Celtic Connections in the Cote D’Azur

It was a seething 34 degrees when we arrived in Marseilles at the beginning of September complete with kilt, sporran, sgian dhubh (plastic but still raised eyebrows at airport security), tartan sash and accessories. We had been asked to perform a traditionl Scottish country dance at a local theatre in the south of France as part of the Jour de la Paix celebrations, and as we slipped our costumes into their cases, we were relieved to be back in our light summer clothes.  We made our way along the coast on the familiar train journey from Marseille to Toulon. A month in this heat, how will we survive? And are we mad to bring our Scottish culture to this Mediterranean paradise?  
“It’s been far too hot!”
“This heat is exhausting.”
“What we’d give for some fresh air and rain.”
That’s what we heard from our neighbours and friends. La chaleur had been incessant this summer, almost 40 degrees at times. 
A sweltering day was spent in Toulon shopping and eating out in Les Halles in the heart of the city: a refurbished original building that was beautifully air conditioned. We came out into the sweat-inducing heat, and after two more shops, we sat down for a welcome coffee in the water fountain square before heading home by train. It’s a scenic 20-minute journey from Toulon to Bandol; the little pink rooftops, swathes of beaches and bays, glimpses of yachts and marinas, all swiftly pass by and before you know it, it’s time to get off. 

And each night we practised our dance. The easiest of all Scottish Country dances: the Gay Gordons – and apart from this routine, our days were filled with early morning tennis;  late afternoon swims and dinner on the terrace. Days slipped by. 

There was a concert in the baking heat. A Spanish themed concert in the local church. The College pupils had been invited and there was an excited throng as we waited for it to begin. Teachers circulated.  One, a handsome young Michelangelo lookalike with long brown curls and a goatee beard, quietly keeping the teenagers in order.  The head teacher, in a cream linen suit, stylish haircut shaved at the sides like a footballer, spoke eloquently to the pupils before introducing the musicians from France’s National Orchestra.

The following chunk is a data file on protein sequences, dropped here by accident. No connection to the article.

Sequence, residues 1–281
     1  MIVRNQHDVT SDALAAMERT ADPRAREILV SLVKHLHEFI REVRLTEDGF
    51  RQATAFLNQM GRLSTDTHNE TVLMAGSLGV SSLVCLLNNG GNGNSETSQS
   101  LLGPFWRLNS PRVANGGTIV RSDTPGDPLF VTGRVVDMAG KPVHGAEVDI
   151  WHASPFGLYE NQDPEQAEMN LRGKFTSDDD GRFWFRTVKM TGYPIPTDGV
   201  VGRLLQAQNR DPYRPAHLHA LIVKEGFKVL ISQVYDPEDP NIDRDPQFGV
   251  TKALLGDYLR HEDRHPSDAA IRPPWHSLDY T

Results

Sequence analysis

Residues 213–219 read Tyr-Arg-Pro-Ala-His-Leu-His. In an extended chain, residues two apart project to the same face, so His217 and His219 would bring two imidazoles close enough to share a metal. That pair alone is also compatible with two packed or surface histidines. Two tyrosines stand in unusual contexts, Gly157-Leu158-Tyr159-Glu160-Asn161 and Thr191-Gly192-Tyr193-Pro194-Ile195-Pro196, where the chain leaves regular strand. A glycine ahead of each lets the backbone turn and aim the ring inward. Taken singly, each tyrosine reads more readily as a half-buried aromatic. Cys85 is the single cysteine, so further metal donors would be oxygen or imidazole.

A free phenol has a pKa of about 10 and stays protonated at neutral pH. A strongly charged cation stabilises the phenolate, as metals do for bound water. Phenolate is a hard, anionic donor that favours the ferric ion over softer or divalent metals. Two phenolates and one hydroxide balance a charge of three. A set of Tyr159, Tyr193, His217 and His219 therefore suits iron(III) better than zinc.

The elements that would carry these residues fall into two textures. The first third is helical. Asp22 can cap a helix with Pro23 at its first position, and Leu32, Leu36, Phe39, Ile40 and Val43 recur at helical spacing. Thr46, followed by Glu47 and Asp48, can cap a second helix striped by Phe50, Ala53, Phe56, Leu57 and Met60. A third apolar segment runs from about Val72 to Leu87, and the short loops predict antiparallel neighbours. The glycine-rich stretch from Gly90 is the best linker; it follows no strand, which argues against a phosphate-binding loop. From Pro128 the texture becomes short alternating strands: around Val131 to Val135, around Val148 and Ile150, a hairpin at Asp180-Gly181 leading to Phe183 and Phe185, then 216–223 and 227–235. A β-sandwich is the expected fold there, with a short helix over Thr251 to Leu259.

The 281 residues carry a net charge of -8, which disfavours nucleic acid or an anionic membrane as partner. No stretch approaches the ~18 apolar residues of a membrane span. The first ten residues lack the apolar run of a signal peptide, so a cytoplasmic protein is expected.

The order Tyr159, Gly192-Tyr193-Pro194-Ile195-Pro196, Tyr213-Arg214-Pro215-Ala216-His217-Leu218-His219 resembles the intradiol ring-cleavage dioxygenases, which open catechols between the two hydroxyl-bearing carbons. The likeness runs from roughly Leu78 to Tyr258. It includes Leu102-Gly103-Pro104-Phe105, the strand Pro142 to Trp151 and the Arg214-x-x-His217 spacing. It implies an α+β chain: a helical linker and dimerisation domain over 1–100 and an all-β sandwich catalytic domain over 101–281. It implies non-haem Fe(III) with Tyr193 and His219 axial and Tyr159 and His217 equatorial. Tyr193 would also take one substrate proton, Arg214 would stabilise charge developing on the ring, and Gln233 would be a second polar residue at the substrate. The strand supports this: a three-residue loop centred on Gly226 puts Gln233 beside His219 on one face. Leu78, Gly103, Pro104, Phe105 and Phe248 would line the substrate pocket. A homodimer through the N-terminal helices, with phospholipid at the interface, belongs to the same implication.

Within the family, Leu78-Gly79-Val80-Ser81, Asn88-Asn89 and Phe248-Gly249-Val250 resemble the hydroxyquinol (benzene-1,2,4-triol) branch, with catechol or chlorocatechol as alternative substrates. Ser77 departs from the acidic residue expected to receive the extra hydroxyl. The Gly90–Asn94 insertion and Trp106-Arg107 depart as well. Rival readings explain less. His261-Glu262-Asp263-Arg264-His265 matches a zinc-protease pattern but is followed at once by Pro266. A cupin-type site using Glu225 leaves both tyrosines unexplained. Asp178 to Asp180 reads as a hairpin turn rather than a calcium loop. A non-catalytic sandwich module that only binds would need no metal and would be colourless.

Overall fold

“It is so wonderful to be given the opportunity to respect and be shown the example of professional musicians who have come here to play for us,” he said. 
We listened to Bizet’s Carmen, a Cuban piece that exemplified the Latin influence on Spanish music, and an Argentinian Tango, so popular in the UK, we were told. The College pupils, at first fidgety and full of giggles, soon calmed down as the magic of the music and the heat, transported us to Seville. 
And then the rain and lightning and thunder came. Everyone was so grateful as the days became cooler but still pleasant for our daily routine of tennis; swim; dinner. Our dance-display was coming ever closer, and we continued to practise with a full-dress rehearsal. I attached the tartan sash to the shoulder of my dress and the White Heather Club came to mind. We packed some whisky with little paper cups and some Scottish fudge.  

And so it happened. We danced and the demonstration number we had planned seemed to last a lot longer than our 2-minute rehearsal.  We seemed to be repeating the same steps and sequence for double the time than we had practised.  And then it ended, we stopped, we bowed, we smiled, we paused, and then the roof was raised in rapturous applause. Cheers and encores and bravos.  We laughed and proudly said that we’d do it again but needed some people on the floor.  And of course, we got a few volunteers and off we went.  Then we shared the little paper cups of whisky and pieces of fudge. More reticent members of the audience made their way to the front to savour the whisky and we were surrounded by good cheer and chatter. Two young women arrived. They had heard there was a Scottish Dance demonstration. They had been searching for an association in the Cote D’Azur area but couldn’t find one. Could we do the dance again for them to join in? And so off we went again to more laughter and cheers….